Clear As Mud

everyone has a story

This week is Infertility Awareness Week, which has me thinking of my personal infertility journey. It has definitely been a wild ride (actually continues to be a wild ride 😊)

Where should I start?… I guess, at the beginning. 

My husband and I were married in March of 2006, imbued with our innocent hopes and dreams of exactly how we wanted – and thought – our life was going to play out.  

I grew up in a large family thank G-d and honestly loved every minute of it. I am the oldest, so I considered myself the second “mommy”, despite the protest of my siblings. They would constantly tell me “you are not the boss of me” and my response would be “yes I am”; anyway, I digress. Ever since I was a young child, I would dream about all the children I would have and my dreams of a big family followed me right into marriage. 

Eager to start my married life with my husband, we had an expectation that we would just get pregnant right away. I think in religious circles it’s common to have that unspoken expectation that couples will just conceive right away.  That wasn’t the reality in our situation, and months just continued going by… we weren’t really alarmed yet, but decided to slowly start seeing some specialists and figure out what was going on. 

Here is where I think our story takes a unique turn. Once we started seeing specialists, things escalated pretty quickly. We basically were down to one procedure that would make it or break it, as to whether we would be able to have biological children or not. The surgery was scheduled for June of 2008, and as the saying goes we literally had “all our eggs in one basket”.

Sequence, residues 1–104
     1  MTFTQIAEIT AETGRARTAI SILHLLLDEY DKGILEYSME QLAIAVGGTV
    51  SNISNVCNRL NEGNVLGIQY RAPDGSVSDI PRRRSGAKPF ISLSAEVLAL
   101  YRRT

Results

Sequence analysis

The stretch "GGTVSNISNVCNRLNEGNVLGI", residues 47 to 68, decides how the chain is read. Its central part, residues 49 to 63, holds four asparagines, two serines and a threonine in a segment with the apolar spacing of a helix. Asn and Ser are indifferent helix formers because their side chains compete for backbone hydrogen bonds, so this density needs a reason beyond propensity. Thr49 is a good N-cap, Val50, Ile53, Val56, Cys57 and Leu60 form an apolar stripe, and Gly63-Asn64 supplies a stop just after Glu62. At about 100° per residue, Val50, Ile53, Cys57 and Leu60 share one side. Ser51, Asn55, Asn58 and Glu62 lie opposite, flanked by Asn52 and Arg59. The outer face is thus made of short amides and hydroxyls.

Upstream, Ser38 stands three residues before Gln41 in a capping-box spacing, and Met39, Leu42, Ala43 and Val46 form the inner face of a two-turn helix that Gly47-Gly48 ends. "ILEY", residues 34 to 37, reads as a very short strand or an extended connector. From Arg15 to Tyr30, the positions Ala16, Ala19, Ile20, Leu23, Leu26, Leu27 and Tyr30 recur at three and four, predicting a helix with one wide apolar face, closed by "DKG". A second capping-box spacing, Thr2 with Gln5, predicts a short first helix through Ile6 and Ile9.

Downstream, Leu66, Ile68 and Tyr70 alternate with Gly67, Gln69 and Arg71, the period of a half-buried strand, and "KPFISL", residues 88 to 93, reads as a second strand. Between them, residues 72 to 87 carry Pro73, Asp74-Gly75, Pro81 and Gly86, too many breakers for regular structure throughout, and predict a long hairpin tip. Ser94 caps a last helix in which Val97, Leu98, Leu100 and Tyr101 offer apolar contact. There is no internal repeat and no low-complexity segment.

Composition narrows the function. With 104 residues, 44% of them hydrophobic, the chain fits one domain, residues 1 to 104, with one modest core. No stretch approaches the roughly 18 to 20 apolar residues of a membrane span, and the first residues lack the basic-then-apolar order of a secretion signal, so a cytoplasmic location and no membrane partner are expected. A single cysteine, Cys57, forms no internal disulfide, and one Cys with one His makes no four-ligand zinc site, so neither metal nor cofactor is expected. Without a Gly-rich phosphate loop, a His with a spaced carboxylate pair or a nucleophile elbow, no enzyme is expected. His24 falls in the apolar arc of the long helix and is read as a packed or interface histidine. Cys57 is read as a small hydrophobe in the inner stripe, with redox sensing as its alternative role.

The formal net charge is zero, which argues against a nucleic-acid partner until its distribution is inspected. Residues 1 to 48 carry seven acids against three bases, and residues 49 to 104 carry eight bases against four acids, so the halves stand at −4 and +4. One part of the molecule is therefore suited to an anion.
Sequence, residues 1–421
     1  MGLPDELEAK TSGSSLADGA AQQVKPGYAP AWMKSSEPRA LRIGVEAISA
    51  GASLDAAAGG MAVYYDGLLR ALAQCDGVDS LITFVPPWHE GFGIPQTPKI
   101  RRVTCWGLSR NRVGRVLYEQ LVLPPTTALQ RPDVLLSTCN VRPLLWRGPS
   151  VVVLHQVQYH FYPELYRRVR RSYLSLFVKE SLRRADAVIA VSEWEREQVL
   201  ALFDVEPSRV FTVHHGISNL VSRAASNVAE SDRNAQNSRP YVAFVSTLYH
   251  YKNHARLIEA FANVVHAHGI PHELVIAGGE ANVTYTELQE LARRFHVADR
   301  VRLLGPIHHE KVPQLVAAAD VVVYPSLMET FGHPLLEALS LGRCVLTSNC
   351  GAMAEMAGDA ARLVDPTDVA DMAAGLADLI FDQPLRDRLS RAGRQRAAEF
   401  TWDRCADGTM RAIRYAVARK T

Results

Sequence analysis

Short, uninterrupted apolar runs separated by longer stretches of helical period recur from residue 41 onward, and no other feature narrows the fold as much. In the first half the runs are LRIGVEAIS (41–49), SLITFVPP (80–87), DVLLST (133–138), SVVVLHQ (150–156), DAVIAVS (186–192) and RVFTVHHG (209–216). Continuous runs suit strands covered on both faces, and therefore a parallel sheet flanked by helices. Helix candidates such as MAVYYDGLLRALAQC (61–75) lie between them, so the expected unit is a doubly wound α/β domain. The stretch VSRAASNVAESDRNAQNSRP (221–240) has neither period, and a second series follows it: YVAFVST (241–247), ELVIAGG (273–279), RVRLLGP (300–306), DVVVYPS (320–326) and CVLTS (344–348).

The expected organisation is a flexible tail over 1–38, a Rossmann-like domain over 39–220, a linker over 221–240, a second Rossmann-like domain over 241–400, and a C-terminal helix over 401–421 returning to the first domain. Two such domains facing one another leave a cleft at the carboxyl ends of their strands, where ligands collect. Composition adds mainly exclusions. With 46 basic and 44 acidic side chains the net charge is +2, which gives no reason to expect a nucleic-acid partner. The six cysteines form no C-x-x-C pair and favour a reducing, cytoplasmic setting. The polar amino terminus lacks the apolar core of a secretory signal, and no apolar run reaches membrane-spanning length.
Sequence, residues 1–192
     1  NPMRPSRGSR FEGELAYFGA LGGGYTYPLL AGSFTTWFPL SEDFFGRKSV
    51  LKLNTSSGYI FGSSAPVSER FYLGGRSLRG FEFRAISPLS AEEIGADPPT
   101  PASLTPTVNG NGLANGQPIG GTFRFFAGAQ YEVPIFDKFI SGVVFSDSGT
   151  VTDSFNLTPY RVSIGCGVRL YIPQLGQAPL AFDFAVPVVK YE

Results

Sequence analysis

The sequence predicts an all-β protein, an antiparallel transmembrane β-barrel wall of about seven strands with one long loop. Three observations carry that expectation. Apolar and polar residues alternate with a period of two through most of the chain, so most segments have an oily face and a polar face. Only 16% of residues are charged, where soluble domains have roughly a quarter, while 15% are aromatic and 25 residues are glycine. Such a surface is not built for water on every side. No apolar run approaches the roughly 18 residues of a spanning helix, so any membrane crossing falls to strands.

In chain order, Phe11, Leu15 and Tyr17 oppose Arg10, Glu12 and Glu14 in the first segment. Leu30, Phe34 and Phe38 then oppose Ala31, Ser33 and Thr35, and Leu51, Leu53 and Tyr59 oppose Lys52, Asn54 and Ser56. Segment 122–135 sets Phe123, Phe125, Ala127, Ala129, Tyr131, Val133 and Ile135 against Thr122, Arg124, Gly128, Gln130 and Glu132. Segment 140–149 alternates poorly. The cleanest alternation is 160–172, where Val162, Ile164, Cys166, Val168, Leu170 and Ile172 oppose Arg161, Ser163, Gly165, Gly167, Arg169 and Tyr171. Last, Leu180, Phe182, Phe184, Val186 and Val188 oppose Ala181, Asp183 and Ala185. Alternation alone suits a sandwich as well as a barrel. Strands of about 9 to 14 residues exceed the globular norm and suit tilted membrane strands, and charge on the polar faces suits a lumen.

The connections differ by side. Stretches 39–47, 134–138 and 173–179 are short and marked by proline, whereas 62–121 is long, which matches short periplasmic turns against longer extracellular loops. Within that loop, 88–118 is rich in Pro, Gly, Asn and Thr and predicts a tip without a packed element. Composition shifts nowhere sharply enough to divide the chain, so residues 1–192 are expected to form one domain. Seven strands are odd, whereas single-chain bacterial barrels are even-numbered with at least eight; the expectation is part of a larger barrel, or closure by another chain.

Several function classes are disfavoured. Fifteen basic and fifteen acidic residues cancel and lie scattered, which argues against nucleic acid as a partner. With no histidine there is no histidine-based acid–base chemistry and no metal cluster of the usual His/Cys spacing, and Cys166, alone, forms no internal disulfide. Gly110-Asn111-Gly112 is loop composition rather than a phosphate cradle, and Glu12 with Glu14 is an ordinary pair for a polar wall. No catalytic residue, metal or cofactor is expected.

I remember it like it was yesterday, the doctor coming in to speak to us after the procedure. He did not have the best bedside manner to say the least as he told us the few words that would change our lives forever: “the procedure was unsuccessful, and you are not going to have biological children”. I was 23 my husband 26, we were just starting our lives together; It felt like the world as we knew it just exploded in our faces. I remember feeling dazed and like I was observing my life from outside of myself, thinking this can’t be real, this is someone else’s life. 

Grief is a thing, and one thing I have learned is that it definitely isn’t linear. Meaning you can be doing well and then you are just not. It is up and down and all around. It doesn’t follow a system and you can’t wish it away. The more I sat with my reality, the more I was sure that I wasn’t going to live my life without a family. How that was going to happen, I had no idea! but it was going to happen. 

After researching all available options, we settled on adoption. It was a whole new scary world to navigate and we didn’t know anybody in our circles who had done it. So, it really felt like entering a different universe. It is such an intense experience and the roller coaster of emotions is hard to describe. The scrutiny and legalities and paperwork you are put through to become legal adoptive parents is exhausting, emotionally and physically. I always joke that if biological parents were put through the same process to have a child, the world would be a very different place. To make a long story short, after so much pain, hope, hopelessness, and everything in between, on November 10th, 2009 we adopted our daughter Chaya! (it’s quite an amazing story that I’ll save for a future post)